Summary of Predictably Irrational
What did I like in the book? Many times a person behaves irrationally and hardly goes for self-analysis. Hence, to behave correctly, one must read the book.
Human being has scarce chances of choosing a thing in life. It is a human tendency to consider the relative advantage of one over another. Human beings always focus on something they may lose further; they do not believe what they may gain. A majority of people hardly can concentrate on what they want in life. This is a relative world where people always look at things in relation to others. Comparison is a strange phenomenon; human beings always like to compare comparable things but would not compare things that cannot be compared with ease. A person having an abundance of everything desires more. This is because of the cycle of relativity. The relevance of a product gets related to the price tag. Any development in the initial stage may not have value, but the price assumes and gets established in the human mind because of arbitrary attitude. So at a later stage, one would be ready to pay for the product. Besides, one would pay for any related product too.
Hence the price of a product works as an anchor. So one gets ready to buy the product or service at the asked price. The author advises a person to avoid following a herd mentality. A practice followed by another person needs to be avoided.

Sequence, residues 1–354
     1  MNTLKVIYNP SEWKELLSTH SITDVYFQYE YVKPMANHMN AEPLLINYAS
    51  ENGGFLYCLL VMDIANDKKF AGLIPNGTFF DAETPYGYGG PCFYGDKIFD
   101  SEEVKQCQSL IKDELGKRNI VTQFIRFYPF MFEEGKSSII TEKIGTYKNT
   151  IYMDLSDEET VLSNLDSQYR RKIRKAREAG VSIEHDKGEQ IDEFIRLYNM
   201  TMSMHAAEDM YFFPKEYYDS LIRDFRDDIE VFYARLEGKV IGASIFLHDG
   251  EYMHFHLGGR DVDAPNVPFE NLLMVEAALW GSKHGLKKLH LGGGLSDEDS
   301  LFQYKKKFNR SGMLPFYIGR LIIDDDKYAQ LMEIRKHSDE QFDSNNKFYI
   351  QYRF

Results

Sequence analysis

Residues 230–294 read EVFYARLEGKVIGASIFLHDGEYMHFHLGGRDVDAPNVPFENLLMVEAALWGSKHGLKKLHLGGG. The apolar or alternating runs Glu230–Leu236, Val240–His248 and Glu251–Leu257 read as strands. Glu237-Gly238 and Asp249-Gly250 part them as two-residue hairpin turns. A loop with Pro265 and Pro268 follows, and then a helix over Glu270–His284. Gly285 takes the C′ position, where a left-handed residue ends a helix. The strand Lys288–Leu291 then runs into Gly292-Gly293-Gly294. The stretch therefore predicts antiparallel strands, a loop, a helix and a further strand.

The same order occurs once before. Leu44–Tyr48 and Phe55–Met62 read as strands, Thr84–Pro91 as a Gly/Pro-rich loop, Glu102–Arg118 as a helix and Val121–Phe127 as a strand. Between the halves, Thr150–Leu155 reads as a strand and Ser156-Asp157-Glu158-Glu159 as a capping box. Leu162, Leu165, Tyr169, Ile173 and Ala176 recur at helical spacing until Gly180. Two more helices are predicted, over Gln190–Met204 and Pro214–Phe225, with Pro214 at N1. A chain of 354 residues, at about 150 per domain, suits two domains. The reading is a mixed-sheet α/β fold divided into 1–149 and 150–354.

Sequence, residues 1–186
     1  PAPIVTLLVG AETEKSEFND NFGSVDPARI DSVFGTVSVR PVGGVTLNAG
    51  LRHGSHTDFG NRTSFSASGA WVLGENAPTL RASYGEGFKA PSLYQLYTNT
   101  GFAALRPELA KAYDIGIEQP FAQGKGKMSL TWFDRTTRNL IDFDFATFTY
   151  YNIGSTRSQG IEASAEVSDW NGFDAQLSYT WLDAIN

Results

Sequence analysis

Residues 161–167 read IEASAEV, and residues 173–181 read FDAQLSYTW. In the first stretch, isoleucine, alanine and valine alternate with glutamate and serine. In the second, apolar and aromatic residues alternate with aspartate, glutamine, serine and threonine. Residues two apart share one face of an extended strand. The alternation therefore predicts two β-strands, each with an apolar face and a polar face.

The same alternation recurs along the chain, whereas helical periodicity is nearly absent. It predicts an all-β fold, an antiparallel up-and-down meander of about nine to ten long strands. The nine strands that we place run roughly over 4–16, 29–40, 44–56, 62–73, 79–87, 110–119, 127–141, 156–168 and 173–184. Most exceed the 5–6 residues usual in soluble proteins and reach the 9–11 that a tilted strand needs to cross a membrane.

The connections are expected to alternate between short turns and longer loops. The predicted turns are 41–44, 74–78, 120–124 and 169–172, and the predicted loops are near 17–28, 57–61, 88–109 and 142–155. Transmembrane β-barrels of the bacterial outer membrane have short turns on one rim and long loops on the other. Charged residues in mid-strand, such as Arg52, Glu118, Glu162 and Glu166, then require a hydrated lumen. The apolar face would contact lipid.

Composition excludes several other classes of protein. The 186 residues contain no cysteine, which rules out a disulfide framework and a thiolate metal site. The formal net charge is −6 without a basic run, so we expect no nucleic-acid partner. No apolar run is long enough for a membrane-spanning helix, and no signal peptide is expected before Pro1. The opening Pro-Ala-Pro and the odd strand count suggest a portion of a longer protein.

There is also a danger of suffering from self-herding in which the person decides based on his previous behaviour. The author suggests few questions which one may ask themself to bring a change in irrational behaviour. The author wants a person to train themself before doing an action and analyse their behaviour too.
The author quotes Margaret Clark, Judson Mills, and Alan Fiske. They say a person moves in two worlds—one where social norms prevail and the other where market norms prevail make the rule. The author believes people work more for a cause than for cash. Regarding exchanging gifts, the author says that these small gifts bind persons socially and keep them away from market norms. When a collision between social and market norms occurs, the social model has to take a back seat.
While making important decisions in life, one has to understand the emotional state of self and learn to control the emotional state. Hence, for immediate benefit, long-term goals need not be sacrificed.
The author suggests a deadline approach to achieve better results when pursuing a goal or task. The fear of losing may often not be helpful, and the person may make a wrong decision. It is unnecessary that the other person would understand any money transaction from one’s point of view. When a person puts any amount of money, time into a project, they own the project. Sometimes, even without investment, one may feel ownership in mind. To be successful, a straightforward setup and a clearly defined goal are needed.
The author makes an interesting premise that often, people go for cost-benefit analysis about honesty. He opines to think in terms of cost-benefit research concerning dishonesty.